When you take the time to test your IT security, you want to know you're getting the results you've paid for. And there are a lot of things you'll pay for — but at least you won't be alone: 37 percent of enterprise security managers expect to increase budget in the next 90 days, and Gartner tells us the world will spend $101 billion on information security in 2018.
If you're interested in preserving your business's integrity and image, helping your bottom line and keeping your services running, then penetration tests and vulnerability assessments will no doubt be among your expenditures.
But if you've ever hired a team for a vulnerability assessment in the past, you know it can be difficult to get verified, actionable results. Is a penetration test the right solution, instead?
Penetration Tests vs. Vulnerability Assessments: Exploring the Distinction
As you work toward helping your business achieve and maintain compliance and efficiency, you necessarily work under the premise that you desire security. To attain it, you'll need to first understand your compliance requirements then you'll want to perform a vulnerability assessment, according to Jennifer Allen, Twinstate's Red Team manager.
Why does that come first? According to Allen, a VA gives you insight. The right provider can give you validated results and a detailed, prioritized remediation plan. But if you want a stronger program, Allen recommends penetration testing, too; in fact, she notes the importance of working toward a popular goal: an annual PT plus quarterly VAs.
So, why isn't it either/or?
Despite the fact that there remains confusion about which solution is best, Allen says comparing the two is an apples to oranges situation. You really need both.
A vulnerability assessment is a scan that looks at vulnerabilities of individual endpoints, yet remains ignorant of overarching architecture. It looks for critical threats, but not at the impact of one device on other devices, and, importantly, not at the person sitting behind the computer.
A pentest, on the other hand, views the network as an organic, living thing. It takes a more holistic approach, considering all elements that might affect your security, including those that have nothing to do with what's typically referred to as "your network" — like the locks on your front door. Penetration tests, unlike vulnerability assessments, assess threats that can't be scanned.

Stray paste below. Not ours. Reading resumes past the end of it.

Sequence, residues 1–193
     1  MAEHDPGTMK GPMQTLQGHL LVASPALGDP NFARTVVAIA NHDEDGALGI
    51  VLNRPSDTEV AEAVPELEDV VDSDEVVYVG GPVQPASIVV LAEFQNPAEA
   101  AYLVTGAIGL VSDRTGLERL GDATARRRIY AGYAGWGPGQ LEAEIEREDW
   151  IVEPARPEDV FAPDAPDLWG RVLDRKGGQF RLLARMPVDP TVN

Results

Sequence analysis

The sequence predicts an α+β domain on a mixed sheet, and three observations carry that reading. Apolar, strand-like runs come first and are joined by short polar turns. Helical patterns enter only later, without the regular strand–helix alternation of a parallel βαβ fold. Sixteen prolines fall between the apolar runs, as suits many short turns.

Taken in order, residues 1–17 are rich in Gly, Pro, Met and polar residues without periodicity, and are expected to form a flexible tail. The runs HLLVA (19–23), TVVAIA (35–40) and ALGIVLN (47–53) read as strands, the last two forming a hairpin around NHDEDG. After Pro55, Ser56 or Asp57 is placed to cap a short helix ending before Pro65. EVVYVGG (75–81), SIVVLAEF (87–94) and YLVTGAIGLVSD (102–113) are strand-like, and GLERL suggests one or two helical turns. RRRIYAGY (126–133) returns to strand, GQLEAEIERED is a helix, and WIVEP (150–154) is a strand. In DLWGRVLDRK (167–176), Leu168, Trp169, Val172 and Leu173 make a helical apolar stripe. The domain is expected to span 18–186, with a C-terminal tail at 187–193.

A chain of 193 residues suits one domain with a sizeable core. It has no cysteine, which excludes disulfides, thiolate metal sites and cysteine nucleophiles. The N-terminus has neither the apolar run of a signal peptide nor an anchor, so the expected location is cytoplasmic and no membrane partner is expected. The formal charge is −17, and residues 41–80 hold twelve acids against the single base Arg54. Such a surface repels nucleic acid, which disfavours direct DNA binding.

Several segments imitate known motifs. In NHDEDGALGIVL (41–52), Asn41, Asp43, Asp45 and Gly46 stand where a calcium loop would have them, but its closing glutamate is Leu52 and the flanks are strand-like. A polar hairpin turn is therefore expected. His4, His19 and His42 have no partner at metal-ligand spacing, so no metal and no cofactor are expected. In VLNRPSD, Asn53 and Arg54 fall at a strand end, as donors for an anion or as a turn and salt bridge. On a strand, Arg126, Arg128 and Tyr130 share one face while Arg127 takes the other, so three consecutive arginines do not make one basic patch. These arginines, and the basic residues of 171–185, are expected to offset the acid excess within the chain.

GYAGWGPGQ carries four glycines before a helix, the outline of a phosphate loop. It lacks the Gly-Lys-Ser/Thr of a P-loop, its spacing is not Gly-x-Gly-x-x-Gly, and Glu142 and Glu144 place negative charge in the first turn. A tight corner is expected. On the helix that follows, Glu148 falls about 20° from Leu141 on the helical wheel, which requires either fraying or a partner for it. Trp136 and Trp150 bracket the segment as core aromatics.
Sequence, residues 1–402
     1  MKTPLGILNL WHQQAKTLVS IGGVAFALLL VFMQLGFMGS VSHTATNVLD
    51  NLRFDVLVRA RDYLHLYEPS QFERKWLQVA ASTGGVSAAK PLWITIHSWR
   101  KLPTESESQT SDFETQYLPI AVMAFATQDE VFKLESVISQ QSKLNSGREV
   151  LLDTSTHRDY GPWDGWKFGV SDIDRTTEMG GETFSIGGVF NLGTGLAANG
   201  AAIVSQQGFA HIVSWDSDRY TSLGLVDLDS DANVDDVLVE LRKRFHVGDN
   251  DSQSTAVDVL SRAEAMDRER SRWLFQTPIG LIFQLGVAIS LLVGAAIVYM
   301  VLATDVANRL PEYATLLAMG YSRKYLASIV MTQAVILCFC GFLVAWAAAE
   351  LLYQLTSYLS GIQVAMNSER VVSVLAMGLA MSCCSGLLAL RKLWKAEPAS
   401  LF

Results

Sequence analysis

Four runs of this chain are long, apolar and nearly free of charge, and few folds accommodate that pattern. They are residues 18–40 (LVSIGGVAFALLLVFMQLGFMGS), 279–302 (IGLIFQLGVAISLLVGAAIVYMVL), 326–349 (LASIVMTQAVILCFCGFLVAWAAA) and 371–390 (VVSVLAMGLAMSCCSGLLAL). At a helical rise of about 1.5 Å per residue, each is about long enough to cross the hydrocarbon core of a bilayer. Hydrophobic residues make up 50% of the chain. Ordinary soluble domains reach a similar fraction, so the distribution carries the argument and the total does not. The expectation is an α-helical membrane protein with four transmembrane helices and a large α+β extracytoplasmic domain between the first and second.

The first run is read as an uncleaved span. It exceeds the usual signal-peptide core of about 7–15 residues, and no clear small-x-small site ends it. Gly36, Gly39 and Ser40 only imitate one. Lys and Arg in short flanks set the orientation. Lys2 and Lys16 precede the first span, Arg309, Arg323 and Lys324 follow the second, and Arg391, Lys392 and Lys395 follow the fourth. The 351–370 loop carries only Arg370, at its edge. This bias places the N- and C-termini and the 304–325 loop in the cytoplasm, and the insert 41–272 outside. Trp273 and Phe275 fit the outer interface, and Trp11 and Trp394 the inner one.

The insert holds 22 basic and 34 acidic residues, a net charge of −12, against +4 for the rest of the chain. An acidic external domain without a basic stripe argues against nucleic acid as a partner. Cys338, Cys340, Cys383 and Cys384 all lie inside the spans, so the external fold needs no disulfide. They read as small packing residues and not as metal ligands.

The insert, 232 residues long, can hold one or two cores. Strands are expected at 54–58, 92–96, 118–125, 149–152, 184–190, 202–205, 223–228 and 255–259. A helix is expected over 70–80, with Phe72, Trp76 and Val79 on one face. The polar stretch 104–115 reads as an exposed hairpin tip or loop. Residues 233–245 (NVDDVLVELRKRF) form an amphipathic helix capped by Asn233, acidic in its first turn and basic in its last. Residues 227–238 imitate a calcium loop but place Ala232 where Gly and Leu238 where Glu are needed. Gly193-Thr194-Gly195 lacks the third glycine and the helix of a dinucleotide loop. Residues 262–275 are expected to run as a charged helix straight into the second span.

Says Allen, "With a penetration test, you start to see what the attacker would see. How will I achieve my malicious goals of stealing Intellectual Property? Bringing down the network? Stopping that certain business process from happening for just a day? Or maybe the attacker just wants a secret recipe and they are attempting corporate espionage," she says. "Whatever the attacker's goals, a penetration test helps simulate them."
When it comes to getting real, actionable results, you can expect them from both vulnerability assessments and penetration tests. But they'll be different, of course, and therefore, the two types of assessments will have varying costs, with penetration tests costing significantly more due to their comprehensive nature.
Let's compare the results of these two services.
Running a vulnerability assessment can tell you that you need a patch on certain machines. If you follow your remediation plan--by running the patches and fixing the holes the scan identified--you can then move on to a penetration test. Remember that person sitting behind the computer? The vulnerability assessment doesn't. It may leave you feeling that Machine A's vulnerabilities represent a low priority threat. A penetration test, though, will look at the suggestibility of the employee running Machine A, and could tell you something very different.
But again, you should expect results from both. While a vulnerability assessment gives you a checklist, a penetration test "results" list will be quite a bit more complicated. What shouldn't a PT return? A simple checklist. That's the job of the vulnerability assessment.
As Allen puts it, "A vulnerability assessment creates a roadmap. It's like telling you to exercise twice a week and eat vegetables." A penetration test happens after you've followed that roadmap, and still want to know more about the specifics of your business's health. "It's the blood work. It's understanding all the components of an interconnected system and adding the components you can't measure with a VA — because a VA is a different view," she says.
Penetration Test Vs. Vulnerability Assessment: Choose Wisely
If your goals include protecting the integrity of your data, your business's image and your bottom line, you truly need both types of assessments; neither solution is better than the other. If you've never done a vulnerability assessment (or have, but didn't get actionable results that helped you put fixes in place), you're not ready for a penetration test, warns Allen. Start with the specifics and then go big. But your choice of provider will give you varying degrees of quality for both.
A good provider will tell you when you're ready — and won't leave you with VA-level results when you really want PT-level results. Sure, you'd like to know if your own computer needs a patch, but if that's the extent of the info you get from your penetration test provider, then the test wasn't comprehensive enough.
You'd also like to know if your front desk agent can be manipulated into giving out personal information over the phone. A well-crafted penetration test could tell you that.
Originally published on 04/19/2016